On-site solar will remain cheaper than electricity from the grid.
Investing in behind-the-meter solar generation is a no-regret move, if you agree with in the fundamentals described below. In times of high uncertainty and complexity it’s a good idea to return to fundamentals. For assessing the economics of behind-the-meter solar generation, there are three main factors to look at:
1. The retail electricity price
Due to old coal capacity reaching the end of its technical lifetime, there will be a need for new electricity generation capacity from 2021/2022. This capacity is likely to be gas due to its natural fit with the system requirements – high reliability, lower emissions and flexibility of generation to meet demand. The boom in LNG has linked domestic gas prices to higher international gas prices. To recover the costs of a new gas power plant investment, electricity prices will rise further.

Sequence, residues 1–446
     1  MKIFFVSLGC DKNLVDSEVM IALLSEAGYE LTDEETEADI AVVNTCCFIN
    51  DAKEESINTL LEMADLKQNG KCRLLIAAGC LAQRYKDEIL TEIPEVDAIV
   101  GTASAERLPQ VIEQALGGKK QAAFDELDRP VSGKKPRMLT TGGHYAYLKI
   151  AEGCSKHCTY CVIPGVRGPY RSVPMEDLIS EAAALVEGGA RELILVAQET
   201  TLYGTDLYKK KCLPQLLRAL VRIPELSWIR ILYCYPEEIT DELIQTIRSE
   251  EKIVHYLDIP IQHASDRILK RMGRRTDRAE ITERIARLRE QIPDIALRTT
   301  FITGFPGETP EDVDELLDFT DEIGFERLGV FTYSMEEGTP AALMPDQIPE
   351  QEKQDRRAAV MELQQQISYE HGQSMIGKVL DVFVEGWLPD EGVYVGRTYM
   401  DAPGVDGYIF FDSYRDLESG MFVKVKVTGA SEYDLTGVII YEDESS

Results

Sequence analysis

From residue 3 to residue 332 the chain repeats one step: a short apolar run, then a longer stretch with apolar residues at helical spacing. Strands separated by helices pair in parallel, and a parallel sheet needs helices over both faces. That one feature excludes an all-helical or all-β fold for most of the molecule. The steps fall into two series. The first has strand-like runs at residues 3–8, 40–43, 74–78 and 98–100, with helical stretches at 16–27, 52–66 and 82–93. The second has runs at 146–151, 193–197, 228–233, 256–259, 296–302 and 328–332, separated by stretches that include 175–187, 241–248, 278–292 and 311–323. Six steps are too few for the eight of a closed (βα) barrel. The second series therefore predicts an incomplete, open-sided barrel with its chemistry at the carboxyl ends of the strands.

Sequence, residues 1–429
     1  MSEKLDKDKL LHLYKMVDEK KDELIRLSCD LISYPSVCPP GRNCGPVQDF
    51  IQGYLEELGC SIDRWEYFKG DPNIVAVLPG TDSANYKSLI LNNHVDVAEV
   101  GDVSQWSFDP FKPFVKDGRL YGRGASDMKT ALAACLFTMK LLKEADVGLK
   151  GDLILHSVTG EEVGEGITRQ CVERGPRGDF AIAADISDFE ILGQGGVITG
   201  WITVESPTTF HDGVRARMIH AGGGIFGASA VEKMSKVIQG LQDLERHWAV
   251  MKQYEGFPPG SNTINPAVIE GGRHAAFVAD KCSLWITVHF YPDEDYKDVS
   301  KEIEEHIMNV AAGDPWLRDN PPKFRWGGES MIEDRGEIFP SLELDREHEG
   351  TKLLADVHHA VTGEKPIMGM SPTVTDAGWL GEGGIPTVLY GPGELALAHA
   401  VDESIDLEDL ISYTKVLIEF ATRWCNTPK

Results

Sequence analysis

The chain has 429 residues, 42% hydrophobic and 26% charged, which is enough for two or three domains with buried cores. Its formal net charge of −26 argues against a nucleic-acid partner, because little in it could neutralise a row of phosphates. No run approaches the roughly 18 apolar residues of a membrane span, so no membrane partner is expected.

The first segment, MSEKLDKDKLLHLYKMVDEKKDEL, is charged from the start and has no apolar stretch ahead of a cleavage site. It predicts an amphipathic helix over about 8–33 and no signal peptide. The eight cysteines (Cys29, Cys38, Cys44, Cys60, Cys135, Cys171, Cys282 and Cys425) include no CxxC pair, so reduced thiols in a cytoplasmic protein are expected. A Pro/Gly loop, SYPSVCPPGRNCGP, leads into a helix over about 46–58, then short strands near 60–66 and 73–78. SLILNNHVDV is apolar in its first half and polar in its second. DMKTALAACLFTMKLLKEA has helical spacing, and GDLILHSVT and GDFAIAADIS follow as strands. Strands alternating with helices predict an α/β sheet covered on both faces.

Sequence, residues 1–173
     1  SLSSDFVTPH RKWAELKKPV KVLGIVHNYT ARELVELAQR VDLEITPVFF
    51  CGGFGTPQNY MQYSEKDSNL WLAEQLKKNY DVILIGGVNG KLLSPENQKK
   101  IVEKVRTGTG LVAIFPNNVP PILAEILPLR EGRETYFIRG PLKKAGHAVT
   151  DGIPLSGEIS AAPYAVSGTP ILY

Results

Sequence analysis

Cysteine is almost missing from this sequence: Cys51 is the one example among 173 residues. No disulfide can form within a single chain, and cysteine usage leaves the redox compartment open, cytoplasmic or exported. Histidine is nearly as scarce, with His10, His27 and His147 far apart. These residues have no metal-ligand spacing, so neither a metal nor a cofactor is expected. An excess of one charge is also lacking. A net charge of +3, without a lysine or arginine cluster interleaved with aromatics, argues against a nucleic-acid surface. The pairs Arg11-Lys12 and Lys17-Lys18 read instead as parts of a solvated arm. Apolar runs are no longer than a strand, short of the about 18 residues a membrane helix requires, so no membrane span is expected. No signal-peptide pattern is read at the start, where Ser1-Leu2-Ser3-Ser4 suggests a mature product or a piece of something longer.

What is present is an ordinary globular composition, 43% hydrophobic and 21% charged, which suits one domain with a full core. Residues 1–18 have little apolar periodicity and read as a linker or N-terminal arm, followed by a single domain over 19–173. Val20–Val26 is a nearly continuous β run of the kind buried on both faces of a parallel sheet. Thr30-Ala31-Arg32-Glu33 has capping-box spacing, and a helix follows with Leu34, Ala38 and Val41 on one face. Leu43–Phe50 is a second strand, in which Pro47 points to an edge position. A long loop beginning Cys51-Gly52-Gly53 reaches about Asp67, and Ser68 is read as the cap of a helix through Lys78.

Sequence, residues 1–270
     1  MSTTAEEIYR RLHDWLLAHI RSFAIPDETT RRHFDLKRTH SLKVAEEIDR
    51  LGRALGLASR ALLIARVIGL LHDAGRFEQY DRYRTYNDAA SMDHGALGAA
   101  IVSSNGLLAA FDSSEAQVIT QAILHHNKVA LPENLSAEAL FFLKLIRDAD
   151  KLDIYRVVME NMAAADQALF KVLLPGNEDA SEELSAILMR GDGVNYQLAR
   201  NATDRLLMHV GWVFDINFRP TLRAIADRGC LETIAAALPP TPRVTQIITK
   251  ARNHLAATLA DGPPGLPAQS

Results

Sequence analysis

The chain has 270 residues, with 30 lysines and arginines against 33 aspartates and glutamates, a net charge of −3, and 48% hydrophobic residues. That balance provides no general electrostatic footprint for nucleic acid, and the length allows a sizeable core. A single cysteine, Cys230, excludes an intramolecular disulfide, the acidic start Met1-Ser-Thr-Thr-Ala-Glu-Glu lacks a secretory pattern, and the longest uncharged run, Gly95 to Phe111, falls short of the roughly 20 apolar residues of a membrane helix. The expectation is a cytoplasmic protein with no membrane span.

2. The levelised cost of solar generation
The technology cost will continue to decrease due to economies of scale and additional efficiency gains. Kobad Bhavnagri (Bloomberg New Energy Finance) stated that “by 2032 new solar should outcompete incumbent coal” at the Australian Clean Energy Summit 2017. More detail can be found in his presentation, titled ‘Australia’s shift to base-cost renewables’ (see slide 10).
3. The support scheme for renewables
This seems to be the factor with the highest level of uncertainty. However, it is important to note that price risk is limited until the end of 2020, due to market price signals (forward trading of LGCs). Beyond 2020, uncertainty increases. This is reflected in the graphic below, showing the indicative range between the expected case and worst case.